• Tonight's "super indie" show in Memphis -- where Hulk Hogan will face Paul "Big Show" Wight -- is looking at a paid attendance of around 5000 (unless there is a big walk-up). As touched on last week, that's probably a bit disappointing, and is also below the projections they'd had for the originally-planned Hogan/Lawler match.
     
    If anyone attends, drop me a line, because anytime you bust out Ko Ko B. Ware and Brutus Beefcake, the chances for unintentional awfulness are good. And I'd love to hear all about it.
     
  • Monday's RAW did another 3.7 rating. The exact same as the week before, and continuing the trend of poor WWE TV ratings since the middle of March. RAW's down just about 10% since that time.
     
    Monday's show was a treat, however, to those who did bother to tune in. A fast-paced and inoffensive opening hour, and then the second hour was an absolutely tremendous 57-minute match between Shawn Michaels and John Cena. You can say they had to do it to cover for Orton's absence, or you can say it's the "make-good" from their disappointing WM23 match, or whatever.... I'm just gonna say it was fantastic, and I appreciated it regardless of what inspired the match to take place.
     
    You got to give credit to Michaels, as between these two, you know he was the one quarterbacking things. And he did it despite his SURGICALLY RECONSTRUCTED LOWER BACK~! continuing to give him problems. Problems that I'm sure are only amplified when you're spending as much time in airplanes as it takes to navigate to and around Europe. But let's not leave Cena out of the equation: it's getting to the point where he's in the vicinity of a goodly number of tremendous matches, and maybe that's not entirely a coincidence or good luck on his part. Not every one is a gem, and his superman act may grow tiresome, but the guy's PPV track record in the last year is solid, and he brought the A-game again in this rare example of a free-per-view match.
     
    Good stuff on Monday. 
     
  • WWE also took ratings hits on their other shows. Last weekend's SmackDown! was down to a 2.4 rating; since February, SD! has lost about 25% of its audience. Not good. Not good at all.
     
    And Tuesday's ECW did a 1.4 rating, which I think ties the year-to-date low for the show after it had averaged a 1.7 for most of March and into the first week of April. Also not good.
     
    TNA, at least, can lay claim to holding rock steady with back-to-back 1.1 ratings the past two weeks. Other than a statistically significant dip a few weeks back when Impact was pushed back to an 11pm timeslot, TNA appears to be able to bank on the same rating every week. Seeing some audience growth might be preferable, but at a time when WWE shows are losing 10-25% of their viewers, holding steady is probably a moral victory.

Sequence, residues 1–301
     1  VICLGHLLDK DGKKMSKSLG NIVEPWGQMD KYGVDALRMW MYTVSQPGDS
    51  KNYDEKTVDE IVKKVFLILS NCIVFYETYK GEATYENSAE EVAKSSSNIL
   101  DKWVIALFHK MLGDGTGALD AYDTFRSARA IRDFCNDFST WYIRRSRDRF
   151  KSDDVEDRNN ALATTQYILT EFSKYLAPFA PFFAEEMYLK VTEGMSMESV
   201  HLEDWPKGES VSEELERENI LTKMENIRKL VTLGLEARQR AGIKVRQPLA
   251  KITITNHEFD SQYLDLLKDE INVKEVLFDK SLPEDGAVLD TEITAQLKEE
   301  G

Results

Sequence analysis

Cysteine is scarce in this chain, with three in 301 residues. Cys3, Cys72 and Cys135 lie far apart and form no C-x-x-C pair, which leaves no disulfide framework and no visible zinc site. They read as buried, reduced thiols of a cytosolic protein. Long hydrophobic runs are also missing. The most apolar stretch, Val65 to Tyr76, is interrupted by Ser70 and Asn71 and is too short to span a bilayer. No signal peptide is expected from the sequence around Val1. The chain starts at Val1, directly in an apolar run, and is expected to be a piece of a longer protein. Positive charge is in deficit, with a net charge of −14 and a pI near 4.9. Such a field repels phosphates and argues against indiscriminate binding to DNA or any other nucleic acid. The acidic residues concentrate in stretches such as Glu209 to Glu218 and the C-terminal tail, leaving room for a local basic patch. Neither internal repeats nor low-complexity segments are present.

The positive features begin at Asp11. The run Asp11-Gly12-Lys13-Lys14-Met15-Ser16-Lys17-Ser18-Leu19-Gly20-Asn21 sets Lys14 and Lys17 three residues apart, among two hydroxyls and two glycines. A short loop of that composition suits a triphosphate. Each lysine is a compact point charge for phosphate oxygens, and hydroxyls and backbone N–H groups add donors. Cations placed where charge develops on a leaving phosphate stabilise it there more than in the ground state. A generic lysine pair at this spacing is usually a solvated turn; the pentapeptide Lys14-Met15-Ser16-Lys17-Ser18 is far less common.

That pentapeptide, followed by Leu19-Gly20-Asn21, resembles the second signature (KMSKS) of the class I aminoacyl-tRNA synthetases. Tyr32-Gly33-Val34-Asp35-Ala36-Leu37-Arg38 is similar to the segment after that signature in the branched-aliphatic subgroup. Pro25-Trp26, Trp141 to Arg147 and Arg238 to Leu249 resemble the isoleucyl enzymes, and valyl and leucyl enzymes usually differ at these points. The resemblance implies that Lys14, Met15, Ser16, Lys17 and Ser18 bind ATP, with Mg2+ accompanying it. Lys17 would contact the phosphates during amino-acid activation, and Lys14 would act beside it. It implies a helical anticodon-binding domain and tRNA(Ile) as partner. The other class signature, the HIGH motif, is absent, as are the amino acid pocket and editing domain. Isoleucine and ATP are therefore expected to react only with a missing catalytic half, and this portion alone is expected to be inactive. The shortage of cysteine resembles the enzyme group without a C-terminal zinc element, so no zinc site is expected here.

• The final tally for TNA's Lockdown PPV in St. Louis was 5200 paid fans, and a few others who got in for free, making for about 6500 fans in the buidling and TNA's largest audience ever. Well, "largest domestic audience" if you want to play silly games in terms of whether putting a few TNA stars on a show in Mexico or Europe instantly turns it into a "TNA show."
     
    The company is definitely gonna try to stick to the "every other PPV outside of Orlando" schedule. June's Slammiversary is already confirmed for Nashville, and the company would like to be in Chicago for October's Bound For Glory. Potential sites for the August PPV include other arenas around Florida (where TNA would really like to get an "in" so that they can also think about moving some Impact Tapings out of Orlando, as well), and Atlanta.
     
  • I don't know if it'll be acknowledged/publicized or not, but the WWE Women's Title changed hands twice at a house show in Paris. Mickie James won the title by pinning Victoria in a three-way match, but Melina regained the belt later on in the night by pinning Mickie in a one-on-one match.
     
    All signs point to the original 3-way match having a botched finish, requiring the re-do and the double-switch. If nothing else, when WWE is going to pull one of these surprise moves, they usually have a handheld camera to capture it, and I gather that wasn't the case here. Thus, it's safe to assume that even WWE was surprised when Mickie won the title.
     
  • Super Crazy was injured in a match during the Europe tour. A further examination upon returning to the States was going to reveal the full extent of the damage, but it was thought to be a torn knee ligament, which could mean a goodly number of months on the shelf for the guy. D'oh.
     
  • I think that's just about all the important stuff for today, kids. Remember to say your prayers, eat your vitamins, and not act like a phenomenal douchebag! And then I'll see you again with PPV results either Sunday night or Monday morning. Later on....


  
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RAW RECAP: Big Johnny Still in Charge
 
PPV RECAP: WWE Over the Limit 2012
 
SMACKDOWN RECAP: One Gullible Fella
 
RAW RECAP: Anvil, or Red Herring?
 
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RAW RECAP: Look Who's Back
 
SMACKDOWN RECAP: Care to go Best of Five?
 
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PPV RECAP: WWE Extreme Rules 2012
 
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RAW RECAP: Edge, the Motivational Speaker?
 
SMACKDOWN RECAP: AJ is Angry, Jilted
 
RAW RECAP: Maybe Cena DOES Suck?
 
SMACKDOWN RECAP: No! No! No!
 
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RAW RECAP: Yes! Yes! Yes!
 
PPV RECAP: WWE WrestleMania 28

 
 
E-MAIL RICK SCAIA

BROWSE THE OO ARCHIVES

Rick Scaia is a wrestling fan from Dayton, OH.  He's been doing this since 1995, but enjoyed it best when the suckers from SportsLine were actually PAYING him to be a fan.